Location
Crewe
GrahamG said:
That was a very polite response John to a slightly shirty toned post, I'm impressed.
To be honest, I think Tim's right - as I say in the earlier post, I've never used a bike every day, for the sorts of miles I'm doing before. All my previous bikes did the odd mile or two now and then, here and there, and that was it. It stands to reason (especially with the bike being pre-owned, and pretty old) that I *should* have been, and should be looking for stuff like this. (Despite the jocular tone of my first post, it was pretty scary to feel the tension suddenly disappear from the brake lever, to say the least).

Oddly enough, the bike was going into the LBS for a check over/service soon, but I put it off because they're so busy at the moment (students being back means they have a huge backlog of work) that they would have had to keep it in overnight, and I like my riding so much at the moment that I wanted it back same day :/

GrahamG said:
My own personal favourite for the non-technical (i.e. doesn't require special tools or any serious know-how) is trial and error! That's only if you have the time to do a job twice though :biggrin:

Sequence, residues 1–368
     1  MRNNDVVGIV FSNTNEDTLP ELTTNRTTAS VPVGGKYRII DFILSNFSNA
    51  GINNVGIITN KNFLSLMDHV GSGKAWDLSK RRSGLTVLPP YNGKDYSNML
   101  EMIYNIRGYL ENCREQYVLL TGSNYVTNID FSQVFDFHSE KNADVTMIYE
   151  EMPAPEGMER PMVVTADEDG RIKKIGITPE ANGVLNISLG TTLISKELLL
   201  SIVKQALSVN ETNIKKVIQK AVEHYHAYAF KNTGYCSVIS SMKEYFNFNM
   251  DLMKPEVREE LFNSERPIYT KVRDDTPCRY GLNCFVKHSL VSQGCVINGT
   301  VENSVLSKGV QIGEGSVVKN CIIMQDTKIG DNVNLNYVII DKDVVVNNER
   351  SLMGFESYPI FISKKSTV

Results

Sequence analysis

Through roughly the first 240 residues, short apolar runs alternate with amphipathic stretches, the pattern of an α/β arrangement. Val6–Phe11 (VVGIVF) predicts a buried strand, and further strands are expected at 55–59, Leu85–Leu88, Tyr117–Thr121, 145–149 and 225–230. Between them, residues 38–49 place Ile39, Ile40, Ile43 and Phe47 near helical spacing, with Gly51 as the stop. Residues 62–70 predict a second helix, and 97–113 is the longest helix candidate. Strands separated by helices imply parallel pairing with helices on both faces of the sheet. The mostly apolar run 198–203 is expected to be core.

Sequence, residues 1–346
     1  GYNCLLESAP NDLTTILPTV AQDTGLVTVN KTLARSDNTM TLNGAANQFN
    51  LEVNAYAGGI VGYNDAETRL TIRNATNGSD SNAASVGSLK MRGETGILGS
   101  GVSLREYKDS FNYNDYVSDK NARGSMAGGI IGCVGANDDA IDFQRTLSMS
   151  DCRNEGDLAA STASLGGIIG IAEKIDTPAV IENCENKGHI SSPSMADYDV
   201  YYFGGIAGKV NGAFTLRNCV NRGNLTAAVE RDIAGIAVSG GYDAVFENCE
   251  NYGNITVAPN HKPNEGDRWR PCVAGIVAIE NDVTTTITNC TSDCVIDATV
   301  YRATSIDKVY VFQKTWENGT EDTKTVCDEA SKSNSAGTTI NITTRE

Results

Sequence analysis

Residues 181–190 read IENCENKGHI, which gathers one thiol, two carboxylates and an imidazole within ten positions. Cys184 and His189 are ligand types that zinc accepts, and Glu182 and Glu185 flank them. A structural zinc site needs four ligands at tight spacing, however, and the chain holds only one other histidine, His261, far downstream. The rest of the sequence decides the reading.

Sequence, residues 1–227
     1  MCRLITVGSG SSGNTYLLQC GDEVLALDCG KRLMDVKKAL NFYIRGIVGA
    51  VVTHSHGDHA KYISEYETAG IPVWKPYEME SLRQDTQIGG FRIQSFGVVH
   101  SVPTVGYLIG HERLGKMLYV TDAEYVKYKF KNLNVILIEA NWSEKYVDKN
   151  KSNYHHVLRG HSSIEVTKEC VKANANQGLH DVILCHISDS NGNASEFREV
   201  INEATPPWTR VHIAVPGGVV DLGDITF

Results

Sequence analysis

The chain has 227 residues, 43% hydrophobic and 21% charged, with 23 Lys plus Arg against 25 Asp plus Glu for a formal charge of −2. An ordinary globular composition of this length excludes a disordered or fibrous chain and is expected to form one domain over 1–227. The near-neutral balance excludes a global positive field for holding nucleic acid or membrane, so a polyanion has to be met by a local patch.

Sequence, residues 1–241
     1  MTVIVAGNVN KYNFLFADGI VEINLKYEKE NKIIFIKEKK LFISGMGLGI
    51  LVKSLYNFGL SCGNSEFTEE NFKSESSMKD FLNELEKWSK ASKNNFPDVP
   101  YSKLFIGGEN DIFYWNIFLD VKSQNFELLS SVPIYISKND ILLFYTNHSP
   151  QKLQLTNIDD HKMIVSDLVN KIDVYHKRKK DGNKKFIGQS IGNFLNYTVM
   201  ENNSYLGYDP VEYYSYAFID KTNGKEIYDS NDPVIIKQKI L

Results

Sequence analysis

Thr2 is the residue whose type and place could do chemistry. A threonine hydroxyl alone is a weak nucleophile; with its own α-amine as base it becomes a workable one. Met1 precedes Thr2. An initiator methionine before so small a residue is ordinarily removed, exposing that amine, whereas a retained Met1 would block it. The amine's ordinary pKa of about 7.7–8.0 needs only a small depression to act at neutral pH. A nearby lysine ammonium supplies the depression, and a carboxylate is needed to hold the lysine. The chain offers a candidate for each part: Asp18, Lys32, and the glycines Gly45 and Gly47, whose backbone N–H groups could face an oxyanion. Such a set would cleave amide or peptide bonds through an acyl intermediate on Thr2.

Exactly, and when you don't *need* the bike the following day :biggrin: My hybrid gets this treatment, as it's largely an occasional bike (my tourer being the one I ride everywhere) so it doesn't matter if I have to leave it in the garage for a bit. I'm still slightly wary of doing my own work on stuff like gears and brakes though.
 

Number14

Veteran
Location
Fareham
Tim Bennet. said:
When you buy replacement cables remember to get some little cable end terminals. Not only do they finish the cut end neatly, but they cover the frayed strands which can be needle sharp.
Before you put the litle end caps on, it's a good idea to solder (if you've got a soldering iron) the ends of your cables. This stops them fraying and then the little end caps will slide on easily.
 

Elmer Fudd

Miserable Old Bar Steward
Number14 said:
Before you put the litle end caps on, it's a good idea to solder (if you've got a soldering iron) the ends of your cables. This stops them fraying and then the little end caps will slide on easily.
Or wrap a bit of insulating or masking tape round them before you feed them through.